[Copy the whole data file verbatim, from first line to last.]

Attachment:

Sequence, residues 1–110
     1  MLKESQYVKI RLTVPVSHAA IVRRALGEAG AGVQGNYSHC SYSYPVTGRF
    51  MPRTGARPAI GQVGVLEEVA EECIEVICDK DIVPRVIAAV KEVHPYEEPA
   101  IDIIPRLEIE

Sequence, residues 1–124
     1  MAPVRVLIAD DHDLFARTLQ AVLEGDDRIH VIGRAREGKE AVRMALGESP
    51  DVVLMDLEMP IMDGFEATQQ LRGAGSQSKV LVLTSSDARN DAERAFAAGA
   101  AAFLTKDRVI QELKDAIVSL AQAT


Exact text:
Sequence, residues 1–110
     1  MLKESQYVKI RLTVPVSHAA IVRRALGEAG AGVQGNYSHC SYSYPVTGRF
    51  MPRTGARPAI GQVGVLEEVA EECIEVICDK DIVPRVIAAV KEVHPYEEPA
   101  IDIIPRLEIE

Sequence, residues 1–124
     1  MAPVRVLIAD DHDLFARTLQ AVLEGDDRIH VIGRAREGKE AVRMALGESP
    51  DVVLMDLEMP IMDGFEATQQ LRGAGSQSKV LVLTSSDARN DAERAFAAGA
   101  AAFLTKDRVI QELKDAIVSL AQAT